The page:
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Bounce house injuries to kids rise dramatically

The inflatable bounce house is a party staple, but a new study suggests that 30 children a day are treated in emergency rooms for injuries related to bounce house play.

The bounce house may be fun, but the number of child injuries Here, children play in a bounce house in Vidor, Tex. in 2005.

LM Otero/AP

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They may be a big hit at kids' birthday parties, but inflatable bounce houses can be dangerous, with the number of injuries soaring in recent years, a nationwide study found.

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Kids often crowd into bounce houses, and jumping up and down can send other children flying into the air, too.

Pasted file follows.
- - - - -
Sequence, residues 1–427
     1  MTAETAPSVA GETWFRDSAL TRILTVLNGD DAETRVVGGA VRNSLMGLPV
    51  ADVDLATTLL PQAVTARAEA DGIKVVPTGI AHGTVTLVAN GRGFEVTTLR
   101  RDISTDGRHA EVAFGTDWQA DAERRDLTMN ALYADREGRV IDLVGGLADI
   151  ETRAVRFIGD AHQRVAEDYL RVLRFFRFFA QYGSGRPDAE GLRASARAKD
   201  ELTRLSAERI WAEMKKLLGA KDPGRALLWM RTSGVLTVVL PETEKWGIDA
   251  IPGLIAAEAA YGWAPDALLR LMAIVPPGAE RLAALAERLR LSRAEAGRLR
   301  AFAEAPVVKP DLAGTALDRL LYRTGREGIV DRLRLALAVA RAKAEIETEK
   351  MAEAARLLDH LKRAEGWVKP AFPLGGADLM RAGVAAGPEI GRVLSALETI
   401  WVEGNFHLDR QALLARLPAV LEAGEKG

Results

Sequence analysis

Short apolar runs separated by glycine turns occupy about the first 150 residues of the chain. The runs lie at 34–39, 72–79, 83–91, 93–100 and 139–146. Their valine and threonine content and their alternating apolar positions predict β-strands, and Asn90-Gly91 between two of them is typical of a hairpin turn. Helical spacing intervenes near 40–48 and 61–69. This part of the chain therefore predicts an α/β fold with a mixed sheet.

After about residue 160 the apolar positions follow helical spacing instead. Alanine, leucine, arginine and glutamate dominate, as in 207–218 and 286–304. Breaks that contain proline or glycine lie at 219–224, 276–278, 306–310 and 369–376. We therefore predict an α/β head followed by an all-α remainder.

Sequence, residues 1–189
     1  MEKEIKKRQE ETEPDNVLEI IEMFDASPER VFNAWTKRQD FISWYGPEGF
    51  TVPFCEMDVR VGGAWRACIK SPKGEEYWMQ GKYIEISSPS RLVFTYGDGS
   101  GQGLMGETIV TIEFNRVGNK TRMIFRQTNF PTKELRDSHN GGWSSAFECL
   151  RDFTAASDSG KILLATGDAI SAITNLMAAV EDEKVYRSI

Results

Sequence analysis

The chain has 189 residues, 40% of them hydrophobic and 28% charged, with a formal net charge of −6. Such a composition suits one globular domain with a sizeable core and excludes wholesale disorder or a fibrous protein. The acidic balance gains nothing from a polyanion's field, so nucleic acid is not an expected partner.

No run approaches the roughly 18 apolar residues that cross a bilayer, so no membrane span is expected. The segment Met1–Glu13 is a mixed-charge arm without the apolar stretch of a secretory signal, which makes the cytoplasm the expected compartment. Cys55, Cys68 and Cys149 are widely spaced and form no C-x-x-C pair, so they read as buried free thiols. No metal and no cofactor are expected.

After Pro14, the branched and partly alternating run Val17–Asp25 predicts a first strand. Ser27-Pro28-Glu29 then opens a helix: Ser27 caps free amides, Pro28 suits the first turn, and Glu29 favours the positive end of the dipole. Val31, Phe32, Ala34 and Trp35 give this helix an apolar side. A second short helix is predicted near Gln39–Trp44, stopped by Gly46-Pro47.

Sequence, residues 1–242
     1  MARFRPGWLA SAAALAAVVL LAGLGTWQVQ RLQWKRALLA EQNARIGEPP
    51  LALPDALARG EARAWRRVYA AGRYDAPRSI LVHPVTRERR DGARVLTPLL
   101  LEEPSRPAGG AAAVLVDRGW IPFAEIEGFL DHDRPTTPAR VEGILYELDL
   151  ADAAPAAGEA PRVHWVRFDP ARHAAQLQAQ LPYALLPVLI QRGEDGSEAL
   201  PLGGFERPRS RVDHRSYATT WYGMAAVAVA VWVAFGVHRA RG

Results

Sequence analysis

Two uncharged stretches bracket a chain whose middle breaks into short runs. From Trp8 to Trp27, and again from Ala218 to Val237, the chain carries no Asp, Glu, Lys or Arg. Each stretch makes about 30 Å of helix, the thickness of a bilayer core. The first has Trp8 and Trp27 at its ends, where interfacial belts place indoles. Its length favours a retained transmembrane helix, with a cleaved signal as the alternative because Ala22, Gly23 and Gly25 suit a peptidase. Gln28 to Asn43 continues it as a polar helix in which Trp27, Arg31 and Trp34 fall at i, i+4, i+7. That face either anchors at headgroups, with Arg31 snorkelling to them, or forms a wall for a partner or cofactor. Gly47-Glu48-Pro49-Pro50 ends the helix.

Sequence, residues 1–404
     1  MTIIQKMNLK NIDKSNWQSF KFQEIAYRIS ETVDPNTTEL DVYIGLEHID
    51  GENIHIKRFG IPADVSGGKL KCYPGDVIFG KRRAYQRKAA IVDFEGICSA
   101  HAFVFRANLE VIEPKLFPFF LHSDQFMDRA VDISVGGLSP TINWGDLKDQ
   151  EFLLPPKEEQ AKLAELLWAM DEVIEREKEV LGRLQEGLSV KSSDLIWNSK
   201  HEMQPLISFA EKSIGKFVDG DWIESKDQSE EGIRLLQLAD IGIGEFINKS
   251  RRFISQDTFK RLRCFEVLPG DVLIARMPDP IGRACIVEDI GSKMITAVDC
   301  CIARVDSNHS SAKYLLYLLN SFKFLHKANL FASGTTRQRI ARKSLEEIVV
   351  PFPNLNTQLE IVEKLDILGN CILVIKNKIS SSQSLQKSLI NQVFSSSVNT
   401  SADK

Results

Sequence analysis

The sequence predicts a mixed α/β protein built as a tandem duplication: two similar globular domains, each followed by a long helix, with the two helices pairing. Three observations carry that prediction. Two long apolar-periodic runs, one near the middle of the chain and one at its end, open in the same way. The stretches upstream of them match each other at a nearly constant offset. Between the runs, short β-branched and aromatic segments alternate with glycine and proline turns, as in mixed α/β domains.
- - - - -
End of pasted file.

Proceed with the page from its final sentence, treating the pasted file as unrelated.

The numbers suggest 30 children a day in the United States are treated in emergency rooms for broken bones, sprains, cuts, and concussions from bounce house accidents. Most involve children falling inside or out of the inflated playthings, and many children get hurt when they collide with other bouncing kids.

As the popularity of the bounce houses has grown, the number of children aged 17 and younger who got emergency-room treatment for bounce house injuries has climbed, too – from fewer than 1,000 in 1995 to nearly 11,000 in 2010. Injuries have doubled just since 2008.

"I was surprised by the number, especially by the rapid increase in the number of injuries," said lead author Gary Smith, director of the Center for Injury Research and Policy at Nationwide Children's Hospital in Columbus, Ohio.


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